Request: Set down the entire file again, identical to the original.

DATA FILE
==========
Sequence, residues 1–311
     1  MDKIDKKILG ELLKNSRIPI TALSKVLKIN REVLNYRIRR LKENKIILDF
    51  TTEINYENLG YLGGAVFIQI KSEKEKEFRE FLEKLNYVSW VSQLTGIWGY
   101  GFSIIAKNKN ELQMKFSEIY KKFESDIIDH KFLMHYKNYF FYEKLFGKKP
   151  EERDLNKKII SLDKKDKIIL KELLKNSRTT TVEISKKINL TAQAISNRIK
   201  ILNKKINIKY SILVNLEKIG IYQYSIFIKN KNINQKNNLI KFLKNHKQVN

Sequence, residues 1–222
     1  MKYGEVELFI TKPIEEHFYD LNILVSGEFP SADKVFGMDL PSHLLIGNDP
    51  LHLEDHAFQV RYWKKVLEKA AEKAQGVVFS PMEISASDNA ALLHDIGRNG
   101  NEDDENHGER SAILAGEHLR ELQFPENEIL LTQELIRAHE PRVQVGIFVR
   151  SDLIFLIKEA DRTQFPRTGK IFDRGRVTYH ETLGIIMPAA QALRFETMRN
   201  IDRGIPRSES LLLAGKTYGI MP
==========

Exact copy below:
Sequence, residues 1–311
     1  MDKIDKKILG ELLKNSRIPI TALSKVLKIN REVLNYRIRR LKENKIILDF
    51  TTEINYENLG YLGGAVFIQI KSEKEKEFRE FLEKLNYVSW VSQLTGIWGY
   101  GFSIIAKNKN ELQMKFSEIY KKFESDIIDH KFLMHYKNYF FYEKLFGKKP
   151  EERDLNKKII SLDKKDKIIL KELLKNSRTT TVEISKKINL TAQAISNRIK
   201  ILNKKINIKY SILVNLEKIG IYQYSIFIKN KNINQKNNLI KFLKNHKQVN

Sequence, residues 1–222
     1  MKYGEVELFI TKPIEEHFYD LNILVSGEFP SADKVFGMDL PSHLLIGNDP
    51  LHLEDHAFQV RYWKKVLEKA AEKAQGVVFS PMEISASDNA ALLHDIGRNG
   101  NEDDENHGER SAILAGEHLR ELQFPENEIL LTQELIRAHE PRVQVGIFVR
   151  SDLIFLIKEA DRTQFPRTGK IFDRGRVTYH ETLGIIMPAA QALRFETMRN
   201  IDRGIPRSES LLLAGKTYGI MP